Now, this part is really going to rustle some feathers, but I must include it anyway. Since posting these things, I’ve discussed what I wrote, as well as the various responses, with many people (fellow Christian LGBT+ people, affirming Christians, non-affirming Christians) and there seems to be a general consensus (especially from heterosexual Christians in both camps)- why does one’s sexuality and their “coming out” have to be such a big deal? Now, to some, this may seem like they’re indifferent toward homosexuals. But, what they’re actually saying is- “We don’t care who you sleep with. We love you still and you’re still super cool.” This may not be the vocal majority of America, but, if there’s one thing we should learn from WBC- just because you’re the most vocal doesn’t mean you represent the majority opinion. I would argue that the majority of Christians (especially in the younger generations) don’t see a homosexual as any different than anyone else. So, let’s follow their lead (since they’re the ones we’re ultimately making the big deal for in the first place) and stop making ourselves stand out so much. That’s what we’re ultimately asking for anyway- equality. Let’s stop asking for it by treating ourselves differently and start to act like we’re equal.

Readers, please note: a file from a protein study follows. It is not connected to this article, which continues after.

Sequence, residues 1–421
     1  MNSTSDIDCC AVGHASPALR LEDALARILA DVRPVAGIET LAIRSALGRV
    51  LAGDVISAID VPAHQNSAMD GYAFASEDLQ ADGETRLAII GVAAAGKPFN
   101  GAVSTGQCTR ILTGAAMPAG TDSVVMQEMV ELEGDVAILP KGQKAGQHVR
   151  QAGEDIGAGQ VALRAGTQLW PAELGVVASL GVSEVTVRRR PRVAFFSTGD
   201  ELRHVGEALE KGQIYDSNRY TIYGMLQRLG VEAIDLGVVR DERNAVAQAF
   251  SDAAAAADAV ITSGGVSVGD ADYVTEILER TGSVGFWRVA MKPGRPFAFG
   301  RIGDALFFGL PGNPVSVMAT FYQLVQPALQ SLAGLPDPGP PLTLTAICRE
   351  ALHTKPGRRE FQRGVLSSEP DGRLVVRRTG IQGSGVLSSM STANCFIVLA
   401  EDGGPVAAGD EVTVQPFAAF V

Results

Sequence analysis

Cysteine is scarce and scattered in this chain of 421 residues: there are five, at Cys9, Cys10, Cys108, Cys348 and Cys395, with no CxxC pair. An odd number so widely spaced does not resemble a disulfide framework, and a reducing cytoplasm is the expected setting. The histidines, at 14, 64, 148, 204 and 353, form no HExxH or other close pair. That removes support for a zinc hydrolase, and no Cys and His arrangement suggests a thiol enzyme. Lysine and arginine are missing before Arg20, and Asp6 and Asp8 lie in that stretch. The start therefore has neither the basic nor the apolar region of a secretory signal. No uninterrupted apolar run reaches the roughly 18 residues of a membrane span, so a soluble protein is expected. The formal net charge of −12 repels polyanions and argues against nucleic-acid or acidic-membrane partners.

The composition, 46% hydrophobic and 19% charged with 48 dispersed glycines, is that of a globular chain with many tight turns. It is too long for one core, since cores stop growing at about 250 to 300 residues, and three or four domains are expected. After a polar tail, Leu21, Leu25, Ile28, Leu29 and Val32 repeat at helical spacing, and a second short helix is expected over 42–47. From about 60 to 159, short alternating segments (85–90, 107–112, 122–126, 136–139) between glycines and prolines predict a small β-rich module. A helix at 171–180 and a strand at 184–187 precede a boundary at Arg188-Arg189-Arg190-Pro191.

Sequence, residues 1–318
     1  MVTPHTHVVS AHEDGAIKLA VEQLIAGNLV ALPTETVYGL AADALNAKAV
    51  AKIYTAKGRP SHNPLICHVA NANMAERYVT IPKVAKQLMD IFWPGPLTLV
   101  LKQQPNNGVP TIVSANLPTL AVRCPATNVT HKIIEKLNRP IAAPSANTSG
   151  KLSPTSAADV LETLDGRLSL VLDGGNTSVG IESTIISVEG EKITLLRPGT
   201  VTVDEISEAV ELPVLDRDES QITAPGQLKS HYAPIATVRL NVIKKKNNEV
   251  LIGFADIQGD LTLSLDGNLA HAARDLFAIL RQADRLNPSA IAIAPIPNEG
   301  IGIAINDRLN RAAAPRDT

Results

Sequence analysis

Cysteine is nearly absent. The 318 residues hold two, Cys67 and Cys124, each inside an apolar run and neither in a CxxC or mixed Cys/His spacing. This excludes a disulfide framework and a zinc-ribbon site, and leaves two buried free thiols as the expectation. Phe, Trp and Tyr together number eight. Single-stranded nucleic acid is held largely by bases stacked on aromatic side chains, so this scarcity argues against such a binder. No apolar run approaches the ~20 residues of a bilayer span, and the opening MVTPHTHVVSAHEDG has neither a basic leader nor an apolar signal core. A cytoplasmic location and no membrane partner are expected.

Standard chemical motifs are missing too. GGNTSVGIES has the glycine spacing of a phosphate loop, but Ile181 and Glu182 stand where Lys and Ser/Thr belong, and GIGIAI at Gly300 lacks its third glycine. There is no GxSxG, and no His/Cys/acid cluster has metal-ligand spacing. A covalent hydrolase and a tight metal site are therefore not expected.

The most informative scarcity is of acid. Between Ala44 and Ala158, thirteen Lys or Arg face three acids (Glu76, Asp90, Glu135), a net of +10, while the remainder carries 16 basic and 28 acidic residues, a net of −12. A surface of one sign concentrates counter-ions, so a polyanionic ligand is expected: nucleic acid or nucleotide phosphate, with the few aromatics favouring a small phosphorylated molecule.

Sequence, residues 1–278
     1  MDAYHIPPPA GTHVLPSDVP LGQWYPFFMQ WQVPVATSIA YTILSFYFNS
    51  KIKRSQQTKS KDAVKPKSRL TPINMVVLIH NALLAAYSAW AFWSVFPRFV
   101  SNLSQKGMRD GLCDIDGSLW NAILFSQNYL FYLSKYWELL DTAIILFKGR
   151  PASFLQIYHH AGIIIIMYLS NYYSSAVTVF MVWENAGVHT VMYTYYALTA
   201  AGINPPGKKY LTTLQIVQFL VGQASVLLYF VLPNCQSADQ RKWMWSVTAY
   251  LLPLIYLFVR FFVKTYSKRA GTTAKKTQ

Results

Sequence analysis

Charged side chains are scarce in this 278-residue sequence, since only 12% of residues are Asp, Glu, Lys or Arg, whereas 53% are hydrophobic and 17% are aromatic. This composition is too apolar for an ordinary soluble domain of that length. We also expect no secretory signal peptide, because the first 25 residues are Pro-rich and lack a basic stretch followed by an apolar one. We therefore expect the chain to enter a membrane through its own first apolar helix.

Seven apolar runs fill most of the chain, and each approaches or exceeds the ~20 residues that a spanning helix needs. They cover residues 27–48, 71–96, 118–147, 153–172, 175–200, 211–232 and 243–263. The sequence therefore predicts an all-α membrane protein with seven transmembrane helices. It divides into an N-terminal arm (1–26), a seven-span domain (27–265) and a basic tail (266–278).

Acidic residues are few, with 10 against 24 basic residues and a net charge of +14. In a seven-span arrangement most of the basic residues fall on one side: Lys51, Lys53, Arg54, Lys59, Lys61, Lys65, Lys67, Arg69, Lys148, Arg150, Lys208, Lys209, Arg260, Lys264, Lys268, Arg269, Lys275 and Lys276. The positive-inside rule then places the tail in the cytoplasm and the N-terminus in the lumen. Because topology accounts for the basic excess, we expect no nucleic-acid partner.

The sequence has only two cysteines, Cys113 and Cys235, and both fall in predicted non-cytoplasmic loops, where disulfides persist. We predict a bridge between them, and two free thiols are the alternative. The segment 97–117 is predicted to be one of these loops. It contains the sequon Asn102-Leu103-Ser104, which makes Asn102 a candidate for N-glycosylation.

4. “You’re asking people to go back to hiding who they are. You’ve bought into being ex-gay.”
I saved this one for last because I think it’s the most important to address. I made it very clear in my first post that this is not what I’m doing. If you missed it, I’ll include it here for you:
“Lest anyone try to accuse me of asking homosexuals to live in secret, or not be confident in who they are (I debated using the word “proud” based on the prevalence of pride rallies and parades but decided “confident” is a better term) I need to state, point blank, that that is not what I’m advocating. In reality, simply living life without “coming out” is showing more confidence in yourself because you are being yourself-nothing more, nothing less. You aren’t different; you don’t need to differentiate yourself from heterosexuals. You’re just living as yourself- someone who happens to like the same (or both) genders. And being yourself will not keep it a secret because, as you are yourself around others and live freely, without the fear of being seen as “different”/”abnormal”/”wrong”, they will learn it when they need to know it. It’s not their business either way unless you want it to be.”